Anti-Black racism is a public health emergency in Canada
June 11, 2020 — The brutal, race-based violence leading to the very public killing of George Floyd in the United States on May 25 has aroused rage and disrupted complacency around the world. Hundreds of thousands of people of different backgrounds across dozens of countries have gathered, even in the face of the COVID-19 virus threat, to speak loudly against anti-Black racism and the abuse of power by state actors against Black people.
“The world is crying out that ‘Black lives matter,’ and enough is enough,” said Michael Villeneuve, chief executive officer of the Canadian Nurses Association (CNA). “CNA condemns all forms of racism and discrimination. The CNA Code of Ethics demands that we uphold principles of justice by safeguarding human rights, equity, and fairness. We have rested too comfortably for too long on a myth that anti-Black racism is not systemic in Canada, but the reality has been harshly exposed.”
“Anti-Black racism is a public health emergency in Canada,” added Claire Betker, CNA’s president. “We cannot sugar-coat the language. Anti-Black racism exists in social structures across Canada. Longstanding, negative impacts of these structural determinants of health have created and continue to reinforce serious health and social inequities for Black people in Canada.” She went on to say, “Due to their uneven and unfair nature, systemic inequities and oppression impose themselves on some people more than others. Like all sectors of society in Canada, the nursing profession has taken part in this centuries-old injustice, even if unintentionally, helping to reinforce and maintain it. CNA is committed to joining a global movement to dismantle these practices.”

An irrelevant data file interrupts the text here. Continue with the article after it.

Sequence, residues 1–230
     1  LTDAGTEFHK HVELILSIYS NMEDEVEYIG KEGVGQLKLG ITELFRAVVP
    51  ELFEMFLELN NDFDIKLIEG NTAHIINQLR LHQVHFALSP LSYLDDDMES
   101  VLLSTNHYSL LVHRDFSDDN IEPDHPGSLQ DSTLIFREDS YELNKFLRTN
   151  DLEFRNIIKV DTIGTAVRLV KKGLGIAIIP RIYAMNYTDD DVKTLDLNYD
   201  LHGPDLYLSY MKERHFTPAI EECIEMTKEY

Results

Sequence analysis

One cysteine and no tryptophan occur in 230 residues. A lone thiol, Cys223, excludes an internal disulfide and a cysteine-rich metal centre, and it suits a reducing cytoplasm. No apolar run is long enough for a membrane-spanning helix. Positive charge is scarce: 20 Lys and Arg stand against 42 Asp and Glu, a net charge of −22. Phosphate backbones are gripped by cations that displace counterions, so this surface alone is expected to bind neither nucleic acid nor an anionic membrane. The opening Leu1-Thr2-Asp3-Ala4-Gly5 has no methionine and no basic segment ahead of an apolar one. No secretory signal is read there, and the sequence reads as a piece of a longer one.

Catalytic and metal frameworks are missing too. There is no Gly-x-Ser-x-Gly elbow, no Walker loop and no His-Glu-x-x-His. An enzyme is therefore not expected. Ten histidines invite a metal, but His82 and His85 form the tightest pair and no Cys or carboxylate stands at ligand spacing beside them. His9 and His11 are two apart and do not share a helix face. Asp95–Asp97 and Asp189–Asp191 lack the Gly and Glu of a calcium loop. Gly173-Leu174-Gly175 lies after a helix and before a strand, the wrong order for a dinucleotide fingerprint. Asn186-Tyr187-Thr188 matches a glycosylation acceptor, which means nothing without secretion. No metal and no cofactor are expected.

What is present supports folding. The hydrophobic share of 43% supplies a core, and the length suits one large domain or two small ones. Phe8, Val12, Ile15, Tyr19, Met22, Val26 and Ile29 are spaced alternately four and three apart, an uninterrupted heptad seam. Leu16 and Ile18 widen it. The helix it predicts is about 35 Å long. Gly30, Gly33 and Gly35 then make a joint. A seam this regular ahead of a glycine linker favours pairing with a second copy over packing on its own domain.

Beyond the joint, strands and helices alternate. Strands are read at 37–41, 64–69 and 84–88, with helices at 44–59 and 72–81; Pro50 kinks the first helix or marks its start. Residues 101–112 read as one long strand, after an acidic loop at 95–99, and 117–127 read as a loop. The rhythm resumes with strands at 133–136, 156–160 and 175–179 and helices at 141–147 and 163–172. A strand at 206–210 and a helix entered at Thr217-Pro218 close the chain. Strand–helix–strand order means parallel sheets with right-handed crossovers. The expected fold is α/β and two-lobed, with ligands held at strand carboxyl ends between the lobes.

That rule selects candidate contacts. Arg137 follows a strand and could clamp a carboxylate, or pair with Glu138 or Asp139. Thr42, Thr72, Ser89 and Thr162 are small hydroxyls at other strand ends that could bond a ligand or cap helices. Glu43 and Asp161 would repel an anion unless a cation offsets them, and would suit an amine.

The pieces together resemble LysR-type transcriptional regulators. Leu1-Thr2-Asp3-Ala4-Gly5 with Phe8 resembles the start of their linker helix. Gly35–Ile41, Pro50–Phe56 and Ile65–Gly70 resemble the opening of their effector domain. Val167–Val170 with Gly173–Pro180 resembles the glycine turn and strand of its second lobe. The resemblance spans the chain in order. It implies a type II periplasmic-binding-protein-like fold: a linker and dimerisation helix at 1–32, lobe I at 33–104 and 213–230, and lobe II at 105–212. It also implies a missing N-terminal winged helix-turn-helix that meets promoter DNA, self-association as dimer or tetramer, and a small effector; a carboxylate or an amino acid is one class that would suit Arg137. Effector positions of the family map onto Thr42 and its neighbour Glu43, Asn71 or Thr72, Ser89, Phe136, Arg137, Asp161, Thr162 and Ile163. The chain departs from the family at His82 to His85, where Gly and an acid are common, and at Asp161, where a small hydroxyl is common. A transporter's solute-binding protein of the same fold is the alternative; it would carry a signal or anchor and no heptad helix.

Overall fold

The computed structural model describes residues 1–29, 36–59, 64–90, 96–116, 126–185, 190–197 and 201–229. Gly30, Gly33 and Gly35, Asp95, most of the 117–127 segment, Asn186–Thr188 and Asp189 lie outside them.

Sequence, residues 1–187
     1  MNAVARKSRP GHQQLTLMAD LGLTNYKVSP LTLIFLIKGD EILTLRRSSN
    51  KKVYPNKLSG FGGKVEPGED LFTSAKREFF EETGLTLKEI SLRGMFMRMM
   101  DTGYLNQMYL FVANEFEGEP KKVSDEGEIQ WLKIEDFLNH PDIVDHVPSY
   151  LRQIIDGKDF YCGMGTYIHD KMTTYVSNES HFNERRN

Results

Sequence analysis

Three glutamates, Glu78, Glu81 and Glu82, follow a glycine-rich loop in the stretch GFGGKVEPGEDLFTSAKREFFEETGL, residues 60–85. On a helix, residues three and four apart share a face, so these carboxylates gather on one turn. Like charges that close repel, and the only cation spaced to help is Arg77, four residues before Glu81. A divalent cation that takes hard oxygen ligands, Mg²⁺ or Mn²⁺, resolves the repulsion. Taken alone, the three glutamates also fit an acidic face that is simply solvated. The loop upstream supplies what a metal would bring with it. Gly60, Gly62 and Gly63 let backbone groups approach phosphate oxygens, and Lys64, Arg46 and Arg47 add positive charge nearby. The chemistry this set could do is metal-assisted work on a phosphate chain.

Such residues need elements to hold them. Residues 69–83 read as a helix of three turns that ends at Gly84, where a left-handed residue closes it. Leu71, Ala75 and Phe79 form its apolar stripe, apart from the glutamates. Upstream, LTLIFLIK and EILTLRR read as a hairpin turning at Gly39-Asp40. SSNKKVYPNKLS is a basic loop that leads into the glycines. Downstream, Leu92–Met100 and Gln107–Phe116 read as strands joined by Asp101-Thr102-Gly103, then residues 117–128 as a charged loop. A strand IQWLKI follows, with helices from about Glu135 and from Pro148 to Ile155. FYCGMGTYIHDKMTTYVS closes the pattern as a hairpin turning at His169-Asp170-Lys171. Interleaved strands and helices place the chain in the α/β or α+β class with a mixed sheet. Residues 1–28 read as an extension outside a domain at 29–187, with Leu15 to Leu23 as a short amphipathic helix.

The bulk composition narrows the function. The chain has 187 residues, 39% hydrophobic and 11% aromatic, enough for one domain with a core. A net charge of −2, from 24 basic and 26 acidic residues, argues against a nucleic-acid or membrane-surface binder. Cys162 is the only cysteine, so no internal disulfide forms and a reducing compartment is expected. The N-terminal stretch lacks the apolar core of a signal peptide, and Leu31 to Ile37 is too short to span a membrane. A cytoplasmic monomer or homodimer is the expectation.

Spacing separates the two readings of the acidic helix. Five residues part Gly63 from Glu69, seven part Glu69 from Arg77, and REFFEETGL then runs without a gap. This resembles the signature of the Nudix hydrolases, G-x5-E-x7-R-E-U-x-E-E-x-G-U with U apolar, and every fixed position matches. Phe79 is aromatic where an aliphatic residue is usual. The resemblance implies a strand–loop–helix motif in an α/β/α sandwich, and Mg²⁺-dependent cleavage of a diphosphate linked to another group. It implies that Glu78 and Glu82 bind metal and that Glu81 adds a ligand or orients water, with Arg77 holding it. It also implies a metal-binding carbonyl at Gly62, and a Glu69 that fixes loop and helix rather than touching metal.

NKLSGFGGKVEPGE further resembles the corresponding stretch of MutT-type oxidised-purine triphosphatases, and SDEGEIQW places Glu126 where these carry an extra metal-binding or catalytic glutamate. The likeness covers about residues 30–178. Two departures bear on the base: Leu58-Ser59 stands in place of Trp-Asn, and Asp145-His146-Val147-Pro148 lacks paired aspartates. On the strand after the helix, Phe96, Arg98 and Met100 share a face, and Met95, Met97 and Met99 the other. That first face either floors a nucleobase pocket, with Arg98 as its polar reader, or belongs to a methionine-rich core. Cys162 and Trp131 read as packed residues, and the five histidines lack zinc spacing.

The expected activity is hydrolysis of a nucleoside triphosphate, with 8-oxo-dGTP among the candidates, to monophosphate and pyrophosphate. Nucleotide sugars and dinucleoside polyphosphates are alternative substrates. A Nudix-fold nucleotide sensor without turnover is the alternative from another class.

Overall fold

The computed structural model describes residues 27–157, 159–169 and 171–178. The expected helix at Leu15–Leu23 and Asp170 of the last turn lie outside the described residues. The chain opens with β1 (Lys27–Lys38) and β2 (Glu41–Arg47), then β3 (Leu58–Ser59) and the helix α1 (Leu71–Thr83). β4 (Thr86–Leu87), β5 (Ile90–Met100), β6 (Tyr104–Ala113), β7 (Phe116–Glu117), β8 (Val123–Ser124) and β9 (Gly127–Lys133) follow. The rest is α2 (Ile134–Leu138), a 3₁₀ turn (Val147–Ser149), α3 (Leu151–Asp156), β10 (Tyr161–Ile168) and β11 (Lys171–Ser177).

The absence of race and ethnicity health-related data in Canada prevents identification of further gaps in care and health outcomes. But where these statistics are collected, the COVID-19 pandemic has exploited age-old disparities and led to a stark over-representation of Black people among its victims. CNA supports the call for enhanced collection and analysis of race and ethnicity data in collaboration with racialized communities, and for collaborative structures to ensure identified health disparities are addressed. “And we need the same data around our health care workforces so we can plan effectively to recruit and retain health-care workers representative of the populations we serve,” Betker said.
CNA believes that eliminating systemic racism, inequity and oppression demands a pan-Canadian response. CNA’s advocacy work has supported social policies to equip communities with tools to eliminate racism, stigma and inequity in employment, housing and more. “At CNA, we are committed to listening and learning from our members, partners, patients and communities about ways we can work to overcome anti-Black racism. Within the association, we will double down our efforts to overhaul our own governance policies, procedures, hiring practices and training to ensure they are anti-racist and anti-oppressive,” Villeneuve said, “We have already started that journey by aiming to achieve the eight characteristics of a Top 100 Employer, and to those, adding our commitments to diversity and to our Truth and Reconciliation journey.”
“At CNA we may take some lessons from the early steps in our journey of reckoning with our history with Indigenous people,” said Tim Guest, the association’s incoming president. “We have already begun staff education and have established an Indigenous Leaders Series where visiting Indigenous leaders will spend time working with our board, staff, and members to increase our understanding and then dismantle colonizing structures that have created barriers and inequities for Indigenous people. We are committed to taking on similar work over the long term to tackle anti-Black racism across professional nursing, health care at large, and certainly within our own hiring and membership structures.”
About the Canadian Nurses Association
The Canadian Nurses Association is a powerful, unified voice for the Canadian nursing profession. We represent regulated and retired nurses in all 13 provinces and territories. We advance the practice and profession of nursing to improve health outcomes and strengthen health care for all people in Canada.
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